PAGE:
Battling veteran Nick Matthew sees off younger, faster opponent Gregoire Marche to march into British Open quarter-finals
By Alan Thatcher, Squash Mad Editor
ENGLAND’S Nick Matthew powered through to the quarter-finals of the Allam British Open with a battling win over flying Frenchman Gregoire Marche in Hull.
Still playing his aggressive brand of squash against a mobile opponent, Matthew had to fight his way back into the match after losing the opening game. He finally triumphed 7-11, 11-7, 11-8, 11-7 after 65 minutes and said: “That was tough.
“It’s hard playing someone five times faster than you. It’s a good job I’m five times more experienced!”
The Englishman had a slow start against the World No.26, going 7-1 down before losing the first game. With the support of the Yorkshire crowd, Matthew clawed his way back into the match, keeping the 34 year old on track for a fourth British Open title.
Matthew added: “I’m still not moving as well as I’d like, but the improvement in the last 48 hours in my ankle has been massive so I was a lot more confident. I’m just trying to enjoy it and remember what I do normally.
“I know it was always the right decision to play the tournament because I had nothing to lose. I’m fit enough to give it a go and then it just comes down to whether my squash is good enough and sharp enough because clearly I haven’t had the preparation I would have liked in terms of time on court.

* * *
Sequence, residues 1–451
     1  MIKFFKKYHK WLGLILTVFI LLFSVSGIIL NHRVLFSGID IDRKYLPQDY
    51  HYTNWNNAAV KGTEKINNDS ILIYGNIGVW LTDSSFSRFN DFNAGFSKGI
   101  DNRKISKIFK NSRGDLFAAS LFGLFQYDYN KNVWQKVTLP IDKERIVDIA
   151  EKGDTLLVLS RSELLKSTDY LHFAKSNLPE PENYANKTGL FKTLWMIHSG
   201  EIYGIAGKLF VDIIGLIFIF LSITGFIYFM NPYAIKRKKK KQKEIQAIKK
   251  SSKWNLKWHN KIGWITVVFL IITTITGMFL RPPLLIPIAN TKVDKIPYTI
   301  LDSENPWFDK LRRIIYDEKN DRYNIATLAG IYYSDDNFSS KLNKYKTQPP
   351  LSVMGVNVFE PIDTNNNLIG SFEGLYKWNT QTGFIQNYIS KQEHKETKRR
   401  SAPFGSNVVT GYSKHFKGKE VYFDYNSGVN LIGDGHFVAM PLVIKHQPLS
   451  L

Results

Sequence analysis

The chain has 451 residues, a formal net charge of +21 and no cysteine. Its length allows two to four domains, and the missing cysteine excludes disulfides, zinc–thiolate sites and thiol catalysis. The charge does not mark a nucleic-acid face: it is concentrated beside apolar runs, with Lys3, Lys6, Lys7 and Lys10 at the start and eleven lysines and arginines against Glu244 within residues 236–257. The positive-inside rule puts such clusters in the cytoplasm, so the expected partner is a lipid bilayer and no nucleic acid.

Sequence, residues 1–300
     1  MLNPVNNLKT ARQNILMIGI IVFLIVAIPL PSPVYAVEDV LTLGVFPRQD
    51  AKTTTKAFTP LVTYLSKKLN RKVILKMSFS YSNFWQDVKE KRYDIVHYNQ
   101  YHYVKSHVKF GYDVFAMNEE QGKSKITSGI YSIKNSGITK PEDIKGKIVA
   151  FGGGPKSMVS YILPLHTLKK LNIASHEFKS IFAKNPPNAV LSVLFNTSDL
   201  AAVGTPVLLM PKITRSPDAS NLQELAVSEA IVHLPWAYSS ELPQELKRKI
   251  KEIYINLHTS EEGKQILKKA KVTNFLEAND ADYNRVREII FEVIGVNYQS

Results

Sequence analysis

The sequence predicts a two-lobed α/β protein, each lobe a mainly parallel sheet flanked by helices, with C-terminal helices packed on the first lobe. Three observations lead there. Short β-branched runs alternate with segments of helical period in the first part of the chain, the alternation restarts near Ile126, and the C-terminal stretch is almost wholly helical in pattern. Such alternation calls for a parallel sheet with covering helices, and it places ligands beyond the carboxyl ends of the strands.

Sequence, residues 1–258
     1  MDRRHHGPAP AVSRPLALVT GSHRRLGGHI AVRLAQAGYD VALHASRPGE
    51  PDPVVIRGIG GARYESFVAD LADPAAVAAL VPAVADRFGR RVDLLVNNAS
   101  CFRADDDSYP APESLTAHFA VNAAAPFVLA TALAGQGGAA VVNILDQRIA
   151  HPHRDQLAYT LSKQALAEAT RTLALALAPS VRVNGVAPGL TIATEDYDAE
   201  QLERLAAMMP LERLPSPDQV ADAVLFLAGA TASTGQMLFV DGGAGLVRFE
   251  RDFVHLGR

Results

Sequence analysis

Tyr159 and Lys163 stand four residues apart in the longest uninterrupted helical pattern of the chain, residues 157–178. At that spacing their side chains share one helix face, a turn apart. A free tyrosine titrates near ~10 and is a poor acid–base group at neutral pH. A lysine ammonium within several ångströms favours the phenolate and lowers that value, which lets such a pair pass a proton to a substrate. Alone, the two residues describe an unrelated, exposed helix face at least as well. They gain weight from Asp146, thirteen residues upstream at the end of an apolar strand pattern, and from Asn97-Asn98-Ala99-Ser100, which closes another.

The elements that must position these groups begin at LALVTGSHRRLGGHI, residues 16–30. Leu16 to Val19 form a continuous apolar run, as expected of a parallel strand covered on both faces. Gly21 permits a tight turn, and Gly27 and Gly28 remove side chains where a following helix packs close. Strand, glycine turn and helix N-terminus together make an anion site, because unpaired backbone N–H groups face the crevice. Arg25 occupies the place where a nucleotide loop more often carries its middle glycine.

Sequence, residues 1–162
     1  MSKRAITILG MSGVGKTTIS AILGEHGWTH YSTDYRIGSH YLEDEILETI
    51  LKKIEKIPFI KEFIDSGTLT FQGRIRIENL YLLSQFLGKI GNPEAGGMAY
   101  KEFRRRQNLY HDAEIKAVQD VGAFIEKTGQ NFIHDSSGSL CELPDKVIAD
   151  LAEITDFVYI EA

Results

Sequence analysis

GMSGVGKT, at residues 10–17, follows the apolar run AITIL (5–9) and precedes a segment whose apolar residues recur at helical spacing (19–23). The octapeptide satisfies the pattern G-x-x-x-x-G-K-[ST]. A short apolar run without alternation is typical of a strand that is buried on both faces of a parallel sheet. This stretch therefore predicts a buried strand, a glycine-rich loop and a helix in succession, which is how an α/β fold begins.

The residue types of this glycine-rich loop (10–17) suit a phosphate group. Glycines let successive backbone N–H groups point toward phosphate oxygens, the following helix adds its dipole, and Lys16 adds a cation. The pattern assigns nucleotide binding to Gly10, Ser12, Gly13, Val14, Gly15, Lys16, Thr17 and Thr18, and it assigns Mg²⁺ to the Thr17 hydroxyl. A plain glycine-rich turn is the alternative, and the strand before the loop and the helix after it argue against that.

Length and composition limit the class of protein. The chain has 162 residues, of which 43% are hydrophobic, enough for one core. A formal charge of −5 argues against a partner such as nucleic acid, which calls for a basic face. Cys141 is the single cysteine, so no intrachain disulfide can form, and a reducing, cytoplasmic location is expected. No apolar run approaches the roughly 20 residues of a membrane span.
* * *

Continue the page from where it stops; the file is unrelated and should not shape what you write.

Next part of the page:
“I guess England haven’t had the best British Open so far and I did think about that slightly, that if I did go by the wayside then it would be a bit of a shocker, so I did feel a bit of responsibility on my shoulders! I think that creeps in when you’re not quite match sharp but I’m hoping to get into that zone mentality in the next few days as I get more matches under my belt,” concluded the Englishman.
Matthew, a three-time British Open and world champion, meets another Frenchman, Mathieu Castagnet, who won 3-0 against Marwan Elshorbagy, younger brother of Egyptian top seed Mohamed.
Another talented Egyptian bit the dust as shot-maker Fares Dessouki lost to Germany’s No.7 seed Simon Rosner, who won 11-9, 11-4, 12-14, 13-11 in a classic contrast in styles lasting 91 minutes.
Rosner (left in the picture) commented: “It was very tough and very intense as well, it was going back and forth with a few referee decisions as well but that’s just part of the game.
“We both wanted to win so badly because it would mean a place in the quarter finals of the British Open, I’m very lucky and happy to be through.”
Pictures by STEVE LINE (www.squashpics.com)